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Posted: 22nd Nov 2017

In the recent budget announcement, Chancellor Philip Hammond revealed that stamp duty will be abolished immediately for first-time buyers purchasing a home of up to £300,000 in value. This change means that if you’re trying to make your first step onto the property ladder, the process might just become a little bit easier for you.

Firstly, you might be wondering what on earth stamp duty is!
Stamp duty is a type of tax that is paid on all residential properties with a value of more than £125,000. Prior to the budget. the rate started at 2% and increased in line with the value of the property being bought. Over the years, there have been a number of changes to these brackets and thresholds.

What changes have been made to stamp duty now and why?
Citing a fall in the number of 25- to 34-year-olds owning a home from 59% to 38% over the past 13 years, the Chancellor said he wanted ‘to take action to help young people who are saving to own a home’, addressing the challenge for first time buyers of finding the ‘cash required up front’. His decision means that for properties costing up to £500k, no stamp duty will be paid on the first £300k and there will be a significant reduction for those who are buying a property in the £300k-£500k bracket. The chancellor expects this will lead to 95% of first time buyers seeing a stamp duty cut, while 80% will pay no stamp duty at all. The table below outlines these figures in relation to the changes.

Property price Stamp duty before
Hammond's budget
Stamp duty now
Less than £125,000 (England and Northern Ireland) £0 £0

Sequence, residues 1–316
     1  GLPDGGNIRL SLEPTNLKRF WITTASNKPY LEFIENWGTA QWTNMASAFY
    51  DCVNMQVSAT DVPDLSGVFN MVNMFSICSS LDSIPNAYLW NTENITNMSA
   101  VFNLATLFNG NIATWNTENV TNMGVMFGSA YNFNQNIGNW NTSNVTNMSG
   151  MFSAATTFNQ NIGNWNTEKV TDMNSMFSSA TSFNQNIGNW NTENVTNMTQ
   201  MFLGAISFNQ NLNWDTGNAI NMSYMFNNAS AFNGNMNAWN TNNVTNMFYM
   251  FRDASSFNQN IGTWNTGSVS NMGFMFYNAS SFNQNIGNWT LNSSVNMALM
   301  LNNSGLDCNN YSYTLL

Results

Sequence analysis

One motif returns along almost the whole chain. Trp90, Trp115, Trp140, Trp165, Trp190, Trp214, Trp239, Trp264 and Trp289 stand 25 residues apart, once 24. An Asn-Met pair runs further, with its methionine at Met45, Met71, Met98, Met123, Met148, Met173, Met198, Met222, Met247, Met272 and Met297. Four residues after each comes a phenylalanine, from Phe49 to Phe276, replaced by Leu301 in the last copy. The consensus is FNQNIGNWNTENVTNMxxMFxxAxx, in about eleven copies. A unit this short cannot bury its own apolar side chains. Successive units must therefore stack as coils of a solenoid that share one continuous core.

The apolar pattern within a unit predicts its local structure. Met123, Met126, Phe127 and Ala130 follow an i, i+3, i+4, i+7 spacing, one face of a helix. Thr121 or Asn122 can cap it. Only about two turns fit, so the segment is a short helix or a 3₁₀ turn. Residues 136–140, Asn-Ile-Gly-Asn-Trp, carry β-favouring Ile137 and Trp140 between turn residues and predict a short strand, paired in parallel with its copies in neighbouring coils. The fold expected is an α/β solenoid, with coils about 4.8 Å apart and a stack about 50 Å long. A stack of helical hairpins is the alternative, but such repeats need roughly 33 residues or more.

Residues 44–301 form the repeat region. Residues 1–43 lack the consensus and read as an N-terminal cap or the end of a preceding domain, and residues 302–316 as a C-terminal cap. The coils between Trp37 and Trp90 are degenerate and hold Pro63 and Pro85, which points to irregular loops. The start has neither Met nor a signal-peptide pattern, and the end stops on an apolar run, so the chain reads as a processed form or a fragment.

Less than £145,000 (Scotland) £0 £0
Less than £150,000 (Wales) £0 £0
£200,000 (England, Wales, Northern Ireland) £1,500 £0
£300,000 £5,000 £0
£400,000 £10,000 £5,000
£500,000 £15,000 £10,000
More than £500,000 No change No change

(Stats via BBC)

How will the changes to stamp duty benefit first time buyers?
This policy update forms part of a package of measures designed to help younger first time buyers to access the housing market. The government says the move will help around a million first time buyers over the coming five years, with the average first time buyer saving approximately £1,660 on the price of their property.

First time buyers have always been challenged by saving for the deposit on their first property, but the stamp duty changes could potentially alleviate some of this pressure: most mortgage products require a borrower to put down a minimum deposit of around 5% -10% of the purchase price. If you are struggling to save for a deposit, then being able to spend the £5,000 that you had earmarked for stamp duty on your deposit instead, for example, could help bring that dream of owning your first home to life a little sooner than first thought. The knock on effect of which could be that a larger deposit may mean that you are able to borrow more, which could mean you are able to buy a property that you may not have been able to previously. Alternatively, of course, you may choose to use those earmarked funds as an additional deposit towards your purchase, borrowing less money and benefiting from lower monthly repayments.

If I’m a first time buyer, but I’m buying with someone who isn’t, will I pay stamp duty?
First time buyer means exactly that - someone who is buying a property for the first time. If you have owned a property previously you would not qualify for the new rates. In a joint purchase, all parties need to be first time buyers.

Your home may be repossessed if you do not keep up repayments on your mortgage.